Yet, there is the “legal” definition of de novo, and the practical effect of de novo; often, the Administrative Judge at the MSPB will, at a PreHearing Conference, turn to OPM and say, Listen, OPM, it seems that the only reason why it was initially denied was because of X, Y & Z; the applicant certainly answered X & Y in his/her reconsideration answer; is the only thing you are looking for is Z?  What this does is to narrow the issue.  Often, to save time, face, aggravation and other things, OPM will concede the narrowing of such issues, and this is true if you respond to their administrative queries by defining what they are asking for, then providing it to them, then showing how it has been provided to them, so that they are “cornered”.  Thereafter, if it gets denied and it needs to go to the MSPB, the Hearing can then proceed with a narrower, streamlined and limited number of issues to prove.  Again, the reason why it is important to define what it is that OPM is asking for, is not only for the “present” case, but in preparation for the potential “future” case.

Sincerely,

Robert R. McGill, Esquire

FERS & CSRS Disability Retirement: The “Nexus” Between the Reconsideration Stage and the Merit Systems Protection Board

It is an accepted fact that there is a “psychological” aspect to almost everything in life, and this is no less true in the field of disability retirement law.  The “psychological” aspect is the nexus, or bridge, from the Reconsideration Stage to the Merit Systems Protection Board.  From OPM’s viewpoint, this is the last chance to make a decision on a case, before it is taken out of the hands — and therefore “control” — of the Office of Personnel Management.  Thus, OPM wants to be able to “justify” that its decision was reasonable, and legally-based and legally sufficient to withstand the scrutiny of an Administrative Judge.   From the Applicant’s viewpoint, it is a chance to show that OPM was unreasonable for not approving the case.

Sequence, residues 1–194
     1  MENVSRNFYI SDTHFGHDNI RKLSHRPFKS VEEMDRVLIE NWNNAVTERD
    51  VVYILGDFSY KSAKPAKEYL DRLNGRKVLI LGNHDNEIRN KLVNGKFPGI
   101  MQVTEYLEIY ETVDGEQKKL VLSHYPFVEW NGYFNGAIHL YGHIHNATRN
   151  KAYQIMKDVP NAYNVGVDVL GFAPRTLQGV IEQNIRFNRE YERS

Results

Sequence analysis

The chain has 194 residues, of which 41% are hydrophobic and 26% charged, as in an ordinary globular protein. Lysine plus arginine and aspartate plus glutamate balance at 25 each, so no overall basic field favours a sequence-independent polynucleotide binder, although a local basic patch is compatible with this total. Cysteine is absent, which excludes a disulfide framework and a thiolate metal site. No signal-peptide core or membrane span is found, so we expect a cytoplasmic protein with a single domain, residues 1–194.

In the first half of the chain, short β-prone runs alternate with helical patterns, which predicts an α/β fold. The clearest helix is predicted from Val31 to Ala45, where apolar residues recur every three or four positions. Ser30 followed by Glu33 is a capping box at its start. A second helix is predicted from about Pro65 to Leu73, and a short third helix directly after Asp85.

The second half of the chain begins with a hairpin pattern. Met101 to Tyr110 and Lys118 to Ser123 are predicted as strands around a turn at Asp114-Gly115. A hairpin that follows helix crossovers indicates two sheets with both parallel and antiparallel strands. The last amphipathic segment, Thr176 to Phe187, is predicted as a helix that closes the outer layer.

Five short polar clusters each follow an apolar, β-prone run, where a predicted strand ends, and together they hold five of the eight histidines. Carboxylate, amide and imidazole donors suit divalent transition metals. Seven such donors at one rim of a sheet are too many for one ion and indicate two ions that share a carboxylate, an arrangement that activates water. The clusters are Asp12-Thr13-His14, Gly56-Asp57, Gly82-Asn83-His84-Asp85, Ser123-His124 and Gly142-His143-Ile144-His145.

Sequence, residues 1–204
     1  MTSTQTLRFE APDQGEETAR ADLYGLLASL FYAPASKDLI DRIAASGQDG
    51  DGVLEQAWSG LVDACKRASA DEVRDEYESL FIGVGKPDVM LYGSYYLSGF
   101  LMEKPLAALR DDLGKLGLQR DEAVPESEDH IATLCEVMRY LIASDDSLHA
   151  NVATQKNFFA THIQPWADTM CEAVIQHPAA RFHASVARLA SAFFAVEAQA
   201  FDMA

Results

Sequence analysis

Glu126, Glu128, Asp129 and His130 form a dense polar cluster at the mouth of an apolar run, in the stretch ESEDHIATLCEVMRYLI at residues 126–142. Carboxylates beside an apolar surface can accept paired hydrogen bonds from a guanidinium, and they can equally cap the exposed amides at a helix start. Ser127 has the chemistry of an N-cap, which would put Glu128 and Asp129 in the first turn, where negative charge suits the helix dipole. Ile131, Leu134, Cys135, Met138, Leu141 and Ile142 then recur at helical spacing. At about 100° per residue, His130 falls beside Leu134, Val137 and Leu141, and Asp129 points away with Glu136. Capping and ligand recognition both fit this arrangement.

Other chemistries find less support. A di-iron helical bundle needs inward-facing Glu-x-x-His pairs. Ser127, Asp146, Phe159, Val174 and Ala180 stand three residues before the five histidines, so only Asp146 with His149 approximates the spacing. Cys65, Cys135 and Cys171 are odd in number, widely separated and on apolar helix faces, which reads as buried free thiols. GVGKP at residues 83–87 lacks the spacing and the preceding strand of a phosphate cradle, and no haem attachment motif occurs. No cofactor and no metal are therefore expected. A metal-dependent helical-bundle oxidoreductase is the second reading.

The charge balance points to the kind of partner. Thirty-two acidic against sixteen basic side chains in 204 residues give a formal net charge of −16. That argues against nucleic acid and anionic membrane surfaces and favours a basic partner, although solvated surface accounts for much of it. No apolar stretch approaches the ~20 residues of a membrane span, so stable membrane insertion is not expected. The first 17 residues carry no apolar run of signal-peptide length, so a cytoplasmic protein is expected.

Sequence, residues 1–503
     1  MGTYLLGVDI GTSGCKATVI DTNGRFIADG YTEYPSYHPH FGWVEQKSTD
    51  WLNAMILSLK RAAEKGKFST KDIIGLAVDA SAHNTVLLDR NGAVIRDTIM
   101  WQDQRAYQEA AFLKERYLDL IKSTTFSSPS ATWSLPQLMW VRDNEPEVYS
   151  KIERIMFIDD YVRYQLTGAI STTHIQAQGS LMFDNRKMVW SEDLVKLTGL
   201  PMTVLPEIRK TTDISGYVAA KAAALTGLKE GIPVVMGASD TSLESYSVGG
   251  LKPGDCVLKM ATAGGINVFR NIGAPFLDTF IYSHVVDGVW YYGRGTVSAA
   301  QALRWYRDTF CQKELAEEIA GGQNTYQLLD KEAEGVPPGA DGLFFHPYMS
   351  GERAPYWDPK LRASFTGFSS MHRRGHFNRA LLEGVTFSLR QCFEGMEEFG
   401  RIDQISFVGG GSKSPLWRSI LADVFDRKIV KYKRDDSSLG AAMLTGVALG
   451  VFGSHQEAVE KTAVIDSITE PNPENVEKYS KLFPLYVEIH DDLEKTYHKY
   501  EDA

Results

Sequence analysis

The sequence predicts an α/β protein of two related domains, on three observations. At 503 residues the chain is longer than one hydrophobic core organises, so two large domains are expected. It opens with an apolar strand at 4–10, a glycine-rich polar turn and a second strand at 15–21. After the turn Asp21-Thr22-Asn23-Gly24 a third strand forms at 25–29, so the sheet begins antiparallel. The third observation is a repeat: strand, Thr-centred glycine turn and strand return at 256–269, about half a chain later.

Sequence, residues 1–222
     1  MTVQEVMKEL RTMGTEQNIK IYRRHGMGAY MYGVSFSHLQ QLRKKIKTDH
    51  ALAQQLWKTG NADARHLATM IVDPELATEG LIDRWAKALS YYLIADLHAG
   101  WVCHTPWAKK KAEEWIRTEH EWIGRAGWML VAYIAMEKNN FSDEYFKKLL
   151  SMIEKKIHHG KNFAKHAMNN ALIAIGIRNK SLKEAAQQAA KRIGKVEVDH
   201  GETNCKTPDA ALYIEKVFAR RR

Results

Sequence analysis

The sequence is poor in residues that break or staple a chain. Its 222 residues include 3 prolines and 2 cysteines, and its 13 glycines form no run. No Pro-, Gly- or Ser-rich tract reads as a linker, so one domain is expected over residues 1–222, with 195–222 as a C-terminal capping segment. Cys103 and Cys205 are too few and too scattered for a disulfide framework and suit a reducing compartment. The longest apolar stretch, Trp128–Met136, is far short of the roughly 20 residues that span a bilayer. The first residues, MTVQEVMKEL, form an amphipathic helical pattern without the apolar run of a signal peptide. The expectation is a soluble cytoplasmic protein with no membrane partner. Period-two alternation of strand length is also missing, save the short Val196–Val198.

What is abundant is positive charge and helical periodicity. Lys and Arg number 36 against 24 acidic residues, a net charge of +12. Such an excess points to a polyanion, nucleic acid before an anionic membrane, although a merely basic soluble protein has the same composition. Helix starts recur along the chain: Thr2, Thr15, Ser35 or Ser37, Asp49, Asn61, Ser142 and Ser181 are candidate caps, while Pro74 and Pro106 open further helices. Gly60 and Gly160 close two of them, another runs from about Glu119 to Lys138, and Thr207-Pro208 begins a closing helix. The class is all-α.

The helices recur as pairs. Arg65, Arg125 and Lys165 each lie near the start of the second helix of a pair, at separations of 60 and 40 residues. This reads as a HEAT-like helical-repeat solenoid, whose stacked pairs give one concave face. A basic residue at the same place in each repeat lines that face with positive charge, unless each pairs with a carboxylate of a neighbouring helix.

While it is true that all cases which come before the MSPB are heard de novo (meaning, anew, without regard to prior decisions by OPM), OPM nevertheless never wants to be viewed as ignoring the law and appearing unreasonable, and the Applicant wants OPM to appear unreasonable in the face of the medical evidence already provided.  This is the psychology behind trying to convince OPM to approve a case at the Reconsideration Stage.  Thus, at the Reconsideration Stage, it is important to cite applicable law to OPM, to corner them into a position of appearing unreasonable if the disability retirement application is denied.  On the other hand, the reasonings and underpinning of foundational bases provided in Reconsideration Decisions are often far more superior and accurate than those handed down at the Initial Stage.  In any event, always remember that there is a “psychological” aspect to everything, and it is the duty of an attorney to identify it, use it to the best advantage possible, and cite the appropriate law.

Sincerely,

Robert R. McGill, Esquire